I ran across an interesting article on the Freakonomics blog about the life of a quantitative analyst. A lot of them are very amusing, but the meta-chart above caught my eye in particular.
My personal experience meshes well with the idea she presents in the chart, and that is that quantitative researchers spend way too much time on formatting. Part of it may be that quants tend to be OCD perfectionists, but more importantly, Excel really stinks as a data visualization tool.
This is what the default Excel table looks like:
This is what we want it to look like:
This is what a default line chart looks like:
This is what we want it to look like:
Configuring the table is generally easy but configuring the chart is often quite painful. Formatting the table for this example took me about a minute to get the basics and another additional 4 minutes to get the right column width and align the column header towards the right but still using an indent to leave some space. Formatting the chart for this example took something like 10 minutes of time total as I tried many iterations of axis scales and label orientations. If you’re very proficient with Excel you can probably cut down on that time, but then again, how many quants are Excel experts? And that was just one chart and one table! When you are working with quantitative data, every presentation, no matter how small, yields at least several tables and charts. These configuration times really add up.
Why do Excel suck so bad? Because it does the exact opposite of all the basic data visualization principles outlined in Edward Tufte’s seminal work Beautiful Evidence, one particularly important one being maximizing the ratio of amount of relevant information to the amount of “ink”. Default charts and tables in Excel are a jumbled mess that is always difficult to read. It’s not all Microsoft’s fault. When you paste data into Excel, it is difficult to interpret how the user would want to visualize it. These types of inferences often gets very messy and may do more harm than good. However, a good quant research tool will be able to help the researcher cut down the amount of formatting time by automating the formatting process with sensible default configurations and a flexible interface to customize the formats.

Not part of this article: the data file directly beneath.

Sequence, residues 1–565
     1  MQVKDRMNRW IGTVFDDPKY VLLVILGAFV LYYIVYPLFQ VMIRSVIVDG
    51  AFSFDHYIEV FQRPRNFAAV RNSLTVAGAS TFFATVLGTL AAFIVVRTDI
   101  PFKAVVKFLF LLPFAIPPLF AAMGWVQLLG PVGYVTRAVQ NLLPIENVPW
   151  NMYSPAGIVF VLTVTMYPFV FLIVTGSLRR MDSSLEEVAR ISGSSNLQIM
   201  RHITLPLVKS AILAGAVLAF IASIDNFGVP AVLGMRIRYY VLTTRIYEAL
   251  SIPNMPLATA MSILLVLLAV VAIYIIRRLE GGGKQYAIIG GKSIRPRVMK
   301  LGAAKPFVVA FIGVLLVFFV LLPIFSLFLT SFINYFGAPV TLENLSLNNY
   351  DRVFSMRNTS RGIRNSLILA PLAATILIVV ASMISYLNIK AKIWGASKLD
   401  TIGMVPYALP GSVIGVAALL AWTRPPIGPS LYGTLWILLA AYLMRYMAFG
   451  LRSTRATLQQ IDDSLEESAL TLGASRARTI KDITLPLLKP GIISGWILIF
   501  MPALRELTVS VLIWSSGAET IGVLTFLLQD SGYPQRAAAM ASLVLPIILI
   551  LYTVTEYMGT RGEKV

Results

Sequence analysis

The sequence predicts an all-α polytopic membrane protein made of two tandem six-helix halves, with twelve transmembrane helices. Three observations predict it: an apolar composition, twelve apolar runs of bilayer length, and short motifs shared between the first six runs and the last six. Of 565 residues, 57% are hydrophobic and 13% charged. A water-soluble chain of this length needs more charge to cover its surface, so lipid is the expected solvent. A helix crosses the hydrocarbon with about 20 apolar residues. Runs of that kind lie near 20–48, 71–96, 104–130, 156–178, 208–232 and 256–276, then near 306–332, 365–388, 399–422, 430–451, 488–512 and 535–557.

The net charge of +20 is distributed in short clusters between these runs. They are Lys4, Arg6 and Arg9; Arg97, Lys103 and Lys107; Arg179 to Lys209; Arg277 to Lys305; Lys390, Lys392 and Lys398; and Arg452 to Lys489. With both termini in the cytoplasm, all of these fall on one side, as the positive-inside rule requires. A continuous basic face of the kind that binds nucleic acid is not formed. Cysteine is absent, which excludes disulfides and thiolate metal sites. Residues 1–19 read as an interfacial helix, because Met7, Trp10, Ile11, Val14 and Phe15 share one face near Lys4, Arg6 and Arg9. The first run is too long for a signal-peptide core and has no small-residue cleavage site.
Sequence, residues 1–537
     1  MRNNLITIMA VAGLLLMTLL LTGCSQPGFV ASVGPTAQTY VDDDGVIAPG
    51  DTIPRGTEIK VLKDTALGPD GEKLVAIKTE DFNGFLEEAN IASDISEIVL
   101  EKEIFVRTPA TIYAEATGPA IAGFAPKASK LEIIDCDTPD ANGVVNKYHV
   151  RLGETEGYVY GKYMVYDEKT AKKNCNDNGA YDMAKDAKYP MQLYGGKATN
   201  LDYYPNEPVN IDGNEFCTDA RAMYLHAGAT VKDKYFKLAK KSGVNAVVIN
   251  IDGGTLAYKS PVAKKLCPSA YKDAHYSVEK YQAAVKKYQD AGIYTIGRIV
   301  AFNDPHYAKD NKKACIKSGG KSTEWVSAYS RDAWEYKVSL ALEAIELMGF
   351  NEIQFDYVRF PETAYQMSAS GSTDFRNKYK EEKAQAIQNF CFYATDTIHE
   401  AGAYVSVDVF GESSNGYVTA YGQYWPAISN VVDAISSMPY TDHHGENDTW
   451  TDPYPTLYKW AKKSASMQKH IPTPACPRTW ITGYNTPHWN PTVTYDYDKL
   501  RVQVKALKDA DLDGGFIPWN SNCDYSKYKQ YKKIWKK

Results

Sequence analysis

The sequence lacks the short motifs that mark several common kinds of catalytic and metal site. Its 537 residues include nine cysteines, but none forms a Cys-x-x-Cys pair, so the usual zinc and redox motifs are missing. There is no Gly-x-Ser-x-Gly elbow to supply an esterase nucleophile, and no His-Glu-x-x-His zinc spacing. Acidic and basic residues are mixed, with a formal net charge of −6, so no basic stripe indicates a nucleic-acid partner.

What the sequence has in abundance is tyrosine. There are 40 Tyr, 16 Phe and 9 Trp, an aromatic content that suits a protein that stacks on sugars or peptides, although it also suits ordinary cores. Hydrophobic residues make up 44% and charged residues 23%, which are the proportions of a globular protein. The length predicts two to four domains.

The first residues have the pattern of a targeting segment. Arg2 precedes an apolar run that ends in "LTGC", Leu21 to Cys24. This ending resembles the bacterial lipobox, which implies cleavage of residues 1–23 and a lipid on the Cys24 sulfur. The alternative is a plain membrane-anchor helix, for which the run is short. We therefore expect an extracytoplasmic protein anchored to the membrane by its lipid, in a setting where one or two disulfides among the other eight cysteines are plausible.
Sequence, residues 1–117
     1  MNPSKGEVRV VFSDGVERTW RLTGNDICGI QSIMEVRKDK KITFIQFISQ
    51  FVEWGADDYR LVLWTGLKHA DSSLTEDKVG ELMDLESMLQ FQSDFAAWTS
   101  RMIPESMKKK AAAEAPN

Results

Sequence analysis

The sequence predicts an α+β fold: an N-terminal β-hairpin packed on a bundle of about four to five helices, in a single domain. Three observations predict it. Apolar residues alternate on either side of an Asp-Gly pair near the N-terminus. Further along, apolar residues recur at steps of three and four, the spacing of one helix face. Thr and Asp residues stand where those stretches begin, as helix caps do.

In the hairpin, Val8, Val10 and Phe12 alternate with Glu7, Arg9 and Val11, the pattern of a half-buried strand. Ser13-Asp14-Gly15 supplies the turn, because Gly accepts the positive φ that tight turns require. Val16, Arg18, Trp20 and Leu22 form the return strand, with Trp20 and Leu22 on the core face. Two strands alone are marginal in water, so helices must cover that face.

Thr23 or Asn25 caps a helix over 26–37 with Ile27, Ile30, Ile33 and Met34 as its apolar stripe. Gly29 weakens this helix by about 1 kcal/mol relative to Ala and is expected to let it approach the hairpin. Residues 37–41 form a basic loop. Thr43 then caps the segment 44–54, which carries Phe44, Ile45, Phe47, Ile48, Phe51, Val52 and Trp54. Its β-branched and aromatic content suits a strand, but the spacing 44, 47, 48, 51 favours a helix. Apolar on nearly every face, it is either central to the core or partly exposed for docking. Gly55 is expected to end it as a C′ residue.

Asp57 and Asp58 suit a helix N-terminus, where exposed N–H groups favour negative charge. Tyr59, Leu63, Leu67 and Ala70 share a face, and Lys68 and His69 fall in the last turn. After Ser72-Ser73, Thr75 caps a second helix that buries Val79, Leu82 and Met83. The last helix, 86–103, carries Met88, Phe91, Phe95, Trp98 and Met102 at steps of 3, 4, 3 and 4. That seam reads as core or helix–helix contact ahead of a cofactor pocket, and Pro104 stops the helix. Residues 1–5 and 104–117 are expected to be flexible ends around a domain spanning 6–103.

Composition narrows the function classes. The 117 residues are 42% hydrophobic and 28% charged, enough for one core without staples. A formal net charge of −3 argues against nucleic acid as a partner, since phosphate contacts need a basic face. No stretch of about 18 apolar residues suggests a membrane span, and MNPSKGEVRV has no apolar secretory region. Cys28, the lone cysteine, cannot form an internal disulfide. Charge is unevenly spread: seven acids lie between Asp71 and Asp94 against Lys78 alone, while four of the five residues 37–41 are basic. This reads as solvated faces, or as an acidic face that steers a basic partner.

For tables, this means:
-Bold/Solid border around the outside
-Lighter border separating the column/row headers
-Bold the headers
-Fill the header cells with color
-Generic floating point can be 2-3 decimal places.
-Share quantities should be integers
-Portfolio weights should be at most 2 places
-Prices should be 2 places
-Currency rates up to 5 places
-Large amounts should be scaled down by 1e3 or 1e6
-Cell alignment so digits align down each row
-Column widths and row heights are set properly
-If headers have multiple levels, merge at higher levels
-Diagonal should be 1 or omitted (or 100%).
-Rest of the matrix should be 1 or 2 decimals.
-Table title centered over the table with merged cells
-Conditional formatting for max/min/errors.
For generic charts, this means:
-No outside border
-No inside border
-White fill the chart area
-No fill plot area (inside area which is grey by default)
-Dashed and light gridlines for each axis
-No or light axis lines
-No or light axis tick marks
-Axis number format with fewest places possible
-Axis font size small but easily readable
-Label orientation doesn’t interfere with data
-May need to move the intercept
-Always have a title
-Title font should be bolded or larger in size
-Legend optional. If only one data series, then no legend.
-Legend should have white fill with light or no border
-Legend goes where there is the least amount of data
For line charts:
-Line colors should be easily readable
-Line colors shouldnt’ be too bright
-Line weight should be heavier so lighter colors show up better
-No tick marks unless absolutely necessary
Other chart types:
–Scatter plots should pay particular attention to scaling, “dot” color and size”
–Bar charts should have light or no borders around the bars and use a light or no border between x-axis values
There are hundreds of additional configuration properties you can set to make your data look beautiful (while staying informative!). The ones listed above are simplest some of the most common ones that take up a lot of time to change from the default. In newer versions of Excel, it is possible to change the defaults, but in a corporate settings where you will have multiple workstations and/or need large scale collaboration and teamwork, a local only set of settings will soon become very inconvenient.
There are lots of visualization tools out there in the form of Tableau and such. However, a good visualization tool cannot stand alone. It is nothing without the ability to easily change and manipulate data, and any piping driven by the visualization side is both cumbersome and also too much of a dependency on just the visualizer. Instead, the automation must be driven from the data analytics tools and can output something to Excel so a particularly particular quant has the option to put on a few finishing touches.